Larson also continues her dominating with a strong performance that just could’ve been utilized better. Larson plays Eva Ansley, an Alabama native that plays a strong role in helping Stevenson survive as he tries to solve the case. While Larson definitely brings the strongly likable chops that I’ve always loved with her performances, I didn’t feel like she was used enough in the film to have a strong enough presence. There’re definitely some moments that show her character’s strengths and the flak she gets from fighting alongside Stevenson, but I couldn’t help but feel like she was just there for star-power at times. Tim Blake Nelson’s Ralph Myers, who plays a pivotal part in McMillan being sentenced, is also an interesting aspect to the racism and police presence, but the performance is a tad too cartoony at times. One of the best performances, though, comes from Rob Morgan as Herbert Richardson, another inmate that McMillan has a close bond with. It’s another strongly human performance that really latches onto your heart and constantly tugs on it as we see his journey on death row.
Honestly, Just Mercy wouldn’t be the same with Cretton as his depiction and building of the entire story really immerses viewers into this time. Death Row has never felt more daunting and the way he makes you feel the anxiousness and dread of waiting for anyone to get their execution date is literally horrifying. He captures the process of the death penalty in a visceral, yet tasteful, way and it leaves a strong enough mark on viewers to make them think more about the death penalty as a whole. Cretton also expertly builds both the legal and social obstacles that play a role in making Stevenson’s case much tougher. Not to mention, even seeing the firm that Stevenson builds in Alabama slowly grow was incredibly interesting and was a great way to see his influence build – even though there could’ve been more about it. Admittedly the social aspect, and the overall movie, do elicit the same kinds of emotions seen in plenty of other films from 2019 – like Dark Waters and The Report. However, it’s impossible to deny how the film moves viewers to tears and connect to them through the raw and powerful story its telling.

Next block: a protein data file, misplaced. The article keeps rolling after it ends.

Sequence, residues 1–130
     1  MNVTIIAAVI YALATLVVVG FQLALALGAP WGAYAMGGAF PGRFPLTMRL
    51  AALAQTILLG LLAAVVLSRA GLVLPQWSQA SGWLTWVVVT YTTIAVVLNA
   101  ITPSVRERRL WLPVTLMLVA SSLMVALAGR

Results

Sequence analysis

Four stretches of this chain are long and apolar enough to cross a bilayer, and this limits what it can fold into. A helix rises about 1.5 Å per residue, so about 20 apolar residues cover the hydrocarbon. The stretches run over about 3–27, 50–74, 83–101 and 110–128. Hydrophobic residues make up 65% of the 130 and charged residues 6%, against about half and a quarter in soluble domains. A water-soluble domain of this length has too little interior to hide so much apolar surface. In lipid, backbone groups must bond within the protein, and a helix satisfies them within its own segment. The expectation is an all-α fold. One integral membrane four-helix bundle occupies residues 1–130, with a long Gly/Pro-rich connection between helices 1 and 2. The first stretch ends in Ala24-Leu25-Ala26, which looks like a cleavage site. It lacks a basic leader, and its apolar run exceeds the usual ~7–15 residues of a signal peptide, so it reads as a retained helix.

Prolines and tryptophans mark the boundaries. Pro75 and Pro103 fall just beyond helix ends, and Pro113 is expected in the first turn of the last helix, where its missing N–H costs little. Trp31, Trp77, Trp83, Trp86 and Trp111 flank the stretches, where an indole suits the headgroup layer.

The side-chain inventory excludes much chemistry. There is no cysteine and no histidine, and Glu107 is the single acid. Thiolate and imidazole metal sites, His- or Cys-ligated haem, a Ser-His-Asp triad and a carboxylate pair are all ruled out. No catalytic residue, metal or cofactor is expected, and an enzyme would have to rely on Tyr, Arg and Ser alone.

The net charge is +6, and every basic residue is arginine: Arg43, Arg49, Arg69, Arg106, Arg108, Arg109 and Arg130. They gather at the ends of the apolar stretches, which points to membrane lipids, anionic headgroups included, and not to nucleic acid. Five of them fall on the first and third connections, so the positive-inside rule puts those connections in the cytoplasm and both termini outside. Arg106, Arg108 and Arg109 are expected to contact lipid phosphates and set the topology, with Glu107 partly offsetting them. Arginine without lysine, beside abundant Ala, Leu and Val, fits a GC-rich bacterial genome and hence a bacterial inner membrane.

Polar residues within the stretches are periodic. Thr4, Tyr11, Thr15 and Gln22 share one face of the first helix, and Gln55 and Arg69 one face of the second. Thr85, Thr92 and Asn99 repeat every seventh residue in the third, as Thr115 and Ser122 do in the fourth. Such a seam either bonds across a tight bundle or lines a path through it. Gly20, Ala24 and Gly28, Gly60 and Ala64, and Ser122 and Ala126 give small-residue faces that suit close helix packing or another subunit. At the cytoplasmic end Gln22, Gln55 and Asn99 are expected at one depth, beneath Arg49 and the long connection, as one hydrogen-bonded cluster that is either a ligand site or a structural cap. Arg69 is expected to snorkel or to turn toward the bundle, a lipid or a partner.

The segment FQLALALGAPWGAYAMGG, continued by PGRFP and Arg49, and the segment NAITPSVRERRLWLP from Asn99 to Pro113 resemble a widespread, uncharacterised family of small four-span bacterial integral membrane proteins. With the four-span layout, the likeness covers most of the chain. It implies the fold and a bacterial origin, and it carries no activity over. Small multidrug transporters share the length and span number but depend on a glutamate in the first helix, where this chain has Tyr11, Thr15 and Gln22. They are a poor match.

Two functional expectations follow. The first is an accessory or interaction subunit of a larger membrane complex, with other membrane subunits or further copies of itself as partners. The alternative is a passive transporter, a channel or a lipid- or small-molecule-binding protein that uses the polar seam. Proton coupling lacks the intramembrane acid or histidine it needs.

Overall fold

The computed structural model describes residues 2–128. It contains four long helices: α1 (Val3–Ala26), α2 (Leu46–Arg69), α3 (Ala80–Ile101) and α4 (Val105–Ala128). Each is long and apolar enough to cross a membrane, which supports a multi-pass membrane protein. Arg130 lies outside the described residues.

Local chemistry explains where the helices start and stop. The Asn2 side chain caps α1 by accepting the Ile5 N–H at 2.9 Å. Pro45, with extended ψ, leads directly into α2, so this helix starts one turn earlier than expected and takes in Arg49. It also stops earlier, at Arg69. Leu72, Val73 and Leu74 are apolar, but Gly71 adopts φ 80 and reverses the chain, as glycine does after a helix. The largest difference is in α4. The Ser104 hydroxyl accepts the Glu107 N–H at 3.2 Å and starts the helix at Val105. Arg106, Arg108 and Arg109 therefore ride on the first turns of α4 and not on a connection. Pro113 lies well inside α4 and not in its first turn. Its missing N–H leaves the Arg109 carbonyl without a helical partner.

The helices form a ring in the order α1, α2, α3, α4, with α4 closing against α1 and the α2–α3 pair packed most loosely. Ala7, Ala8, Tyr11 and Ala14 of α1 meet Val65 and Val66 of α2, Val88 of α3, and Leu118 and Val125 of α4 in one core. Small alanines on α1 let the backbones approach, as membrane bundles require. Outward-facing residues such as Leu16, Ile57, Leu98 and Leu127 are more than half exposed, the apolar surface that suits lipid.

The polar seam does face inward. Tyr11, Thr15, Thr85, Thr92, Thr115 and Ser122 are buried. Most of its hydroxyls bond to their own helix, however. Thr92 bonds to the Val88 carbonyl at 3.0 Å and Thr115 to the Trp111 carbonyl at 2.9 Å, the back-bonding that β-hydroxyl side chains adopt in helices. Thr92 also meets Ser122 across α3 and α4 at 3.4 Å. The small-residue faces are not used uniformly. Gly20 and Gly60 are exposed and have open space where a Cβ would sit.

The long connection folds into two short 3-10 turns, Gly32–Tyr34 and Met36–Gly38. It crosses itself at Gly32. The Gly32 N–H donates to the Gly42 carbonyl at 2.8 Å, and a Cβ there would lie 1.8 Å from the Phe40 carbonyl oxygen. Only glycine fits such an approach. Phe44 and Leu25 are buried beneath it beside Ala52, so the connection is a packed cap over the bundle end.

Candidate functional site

Cretton returns with a strong showing of his talents and a film that boasts two powerhouse, knockout performances from Jordan and Foxx that are among the best of their already stellar careers. It’s kind of unfortunate that Just Mercy has a bit too much familiarity to it that likely made it fly too low under the radar for major award consideration as it evokes strong emotion in depicting an inspirational true story. Either way, the next film on Cretton’s schedule is actually in the MCU with Shang-Chi and the Legend of the Ten Rings and if he can bring the excellent and powerful storytelling that he’s shown before – MCU fans should expect something very special in their future.